Vaccine Blocks Herpes in Some Women

ByABC News
September 17, 2000, 9:39 PM

T O R O N T O, Sept. 17 -- Researchers have made the first vaccine thatprotects against genital herpes. But there is a major catch: Itworks only in women and only if they have never had cold sores.

The findings, reported today, are a surprise. Until now, novaccine has ever been shown to work in one sex but not the other.Experts say this could present unexpected trouble for creatingother vaccines for sexually transmitted diseases, such as AIDS.

More Testing Probably Required

The results were not the clear home run that the vaccinesdeveloper, SmithKline Beecham, had hoped when it began designingthe latest studies a decade ago. Further testing will almostcertainly be required for the drug to be approved, assuming thatthe company keeps working on the product.

Nevertheless, doctors say a vaccine that offers even partialprotection against a chronic disease is noteworthy. The only othersexually transmitted disease that can be stopped with a vaccine ishepatitis B.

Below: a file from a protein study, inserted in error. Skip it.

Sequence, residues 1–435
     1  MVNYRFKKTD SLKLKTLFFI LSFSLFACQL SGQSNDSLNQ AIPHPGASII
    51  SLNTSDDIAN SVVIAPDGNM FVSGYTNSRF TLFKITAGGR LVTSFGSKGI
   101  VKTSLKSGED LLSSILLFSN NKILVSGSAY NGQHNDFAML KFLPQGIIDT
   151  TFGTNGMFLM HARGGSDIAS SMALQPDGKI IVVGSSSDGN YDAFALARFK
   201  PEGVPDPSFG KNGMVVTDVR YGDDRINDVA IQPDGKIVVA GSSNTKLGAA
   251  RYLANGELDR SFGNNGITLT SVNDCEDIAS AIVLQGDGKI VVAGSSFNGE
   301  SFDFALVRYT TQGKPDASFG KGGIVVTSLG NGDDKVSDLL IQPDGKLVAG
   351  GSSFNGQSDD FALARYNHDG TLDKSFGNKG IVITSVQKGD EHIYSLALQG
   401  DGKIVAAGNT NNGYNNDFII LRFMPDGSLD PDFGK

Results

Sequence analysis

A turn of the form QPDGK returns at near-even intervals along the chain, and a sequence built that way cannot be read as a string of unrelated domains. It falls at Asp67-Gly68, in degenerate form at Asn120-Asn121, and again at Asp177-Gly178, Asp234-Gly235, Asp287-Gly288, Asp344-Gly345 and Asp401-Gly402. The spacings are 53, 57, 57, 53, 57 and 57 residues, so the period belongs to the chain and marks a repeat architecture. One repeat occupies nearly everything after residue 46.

I would say the chances are good but not at all certain thatthe herpes vaccine will eventually be approved for routine use,said Dr. Spotswood Spruance of the University of Utah, one of thosewho tested it.

He predicted the vaccine would be given to adolescent girls.Widespread use of the vaccine this way would probably reducegenital herpes for both sexes, since it would lower the chance ofmen coming in contact with infected females.

Herpes Lasts a Lifetime

Genital herpes and cold sores result from closely related bugs.Herpes simplex virus type 1, or HSV-1, causes fever blisters on themouth, while HSV-2 triggers sores on the genitals. Once acquired,both infections last a lifetime.

Both infections grow more common with age. Recent surveyssuggest that in the United States, 45 million people ages 12 andolder are infected with the genital herpes virus.

Spruance and colleagues reported the results of two majorstudies of the vaccine at a meeting in Toronto of the AmericanSociety for Microbiology. Both were conducted on couples in whichone partner had genital herpes but the other did not. The studiesinvolved more than 2,700 people in the United States, Canada,Australia, Italy and New Zealand.